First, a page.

[JSR308] Some general questions

Federico Mancini mancini.federico at gmail.com
Wed Jan 14 08:34:40 EST 2009

Hi again,
I have been reading the sections you suggested, and also found the
thesis of Matthew Papi, which was very helpful.

Regarding the quoted text at the end of this email, I understand that
I need to extend the checker
by adding an @ImplicitFor annotation, where the argument is the set of
strings which match my date format.
I understand that it should be possible to pass string literals to
the @ImplicitFor annotation,
but can I pass a regular expression? If so, could you be so kind to
show me an example?

Another thing that I was wondering, after trying Findbugs: can you
give a whole project to the checker or only single java files? In
the latter case, does the checker automatically check also the
external classes or functions that are used in the file that is being

Thanks again for the all the help!


2009/1/9 Mahmood Ali <mahmood at mit.edu>:
> Greetings Federico,

>> 3) Is it possible to define a new type by the kind of values that are
>> valid for that type? For example the type @Date that defines all strings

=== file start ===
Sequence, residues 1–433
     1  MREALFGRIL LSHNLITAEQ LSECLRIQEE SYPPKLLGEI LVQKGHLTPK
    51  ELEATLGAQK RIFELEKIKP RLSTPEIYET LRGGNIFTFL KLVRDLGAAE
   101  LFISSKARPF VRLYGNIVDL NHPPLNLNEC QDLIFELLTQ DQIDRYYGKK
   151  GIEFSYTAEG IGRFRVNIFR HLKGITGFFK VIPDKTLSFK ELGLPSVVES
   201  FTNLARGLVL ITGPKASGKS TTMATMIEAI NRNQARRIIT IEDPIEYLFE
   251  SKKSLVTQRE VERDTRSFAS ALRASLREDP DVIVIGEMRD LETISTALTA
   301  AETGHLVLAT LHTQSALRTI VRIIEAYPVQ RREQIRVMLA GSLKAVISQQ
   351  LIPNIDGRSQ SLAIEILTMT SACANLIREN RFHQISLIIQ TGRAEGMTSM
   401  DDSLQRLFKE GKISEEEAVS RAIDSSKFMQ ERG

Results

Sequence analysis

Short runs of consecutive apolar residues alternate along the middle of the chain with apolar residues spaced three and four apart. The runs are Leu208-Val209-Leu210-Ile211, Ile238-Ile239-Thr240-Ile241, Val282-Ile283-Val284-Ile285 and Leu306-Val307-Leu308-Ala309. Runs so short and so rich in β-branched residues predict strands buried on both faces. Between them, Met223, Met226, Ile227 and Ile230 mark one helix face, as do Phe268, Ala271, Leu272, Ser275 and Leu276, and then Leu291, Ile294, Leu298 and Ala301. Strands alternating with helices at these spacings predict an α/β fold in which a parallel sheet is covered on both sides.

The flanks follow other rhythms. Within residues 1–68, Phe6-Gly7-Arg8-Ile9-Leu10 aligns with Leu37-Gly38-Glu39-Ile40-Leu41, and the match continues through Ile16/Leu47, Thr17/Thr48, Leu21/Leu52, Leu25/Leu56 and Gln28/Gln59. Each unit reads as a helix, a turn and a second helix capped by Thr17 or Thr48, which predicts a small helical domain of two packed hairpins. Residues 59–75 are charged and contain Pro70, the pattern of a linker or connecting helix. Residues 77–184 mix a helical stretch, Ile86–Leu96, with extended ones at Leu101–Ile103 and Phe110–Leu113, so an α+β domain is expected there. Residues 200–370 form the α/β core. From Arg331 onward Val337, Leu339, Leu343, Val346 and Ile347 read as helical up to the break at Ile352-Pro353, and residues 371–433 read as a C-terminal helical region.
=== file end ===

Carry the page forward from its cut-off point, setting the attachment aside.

>> that matches the regular expression "[1-31]/[1-12]/[2000-2010]".
>> If so, how to extend the basic checker for this type?
> Yes.  Please read sections 7 and 9 of the Checkers manual.
> Here is a summary of those sections related to the example you provided:
> Summary of section 7:
> When using the basic checker, you simply need to declare the annotations:
>  @TypeQualifier
>  @SubtypeOf(Unqualified.class)
>  public @interface Date { }
> And have the basic checker enforce the semantics of the basic type system
> (checks assignments and pseudo-assignments only).
> Such checker doesn't verify that a string literal in the code is indeed of a
> Date format.  This makes either need to cast such string literals to @Date
> String type (which is an unsafe cast), or have a format verifier method that
> ensures the string is a Date string at run-time.
> Summary of Section 9:
> Because of the limitation mentioned earlier, you can build a more powerful
> checker that implicitly add @Date qualifier to the types of string literals
> that match the specified format.
> With this more powerful checker, you may still need to have a method that
> verifies the string Date format for strings that are inputs from the user or
> from configuration files.

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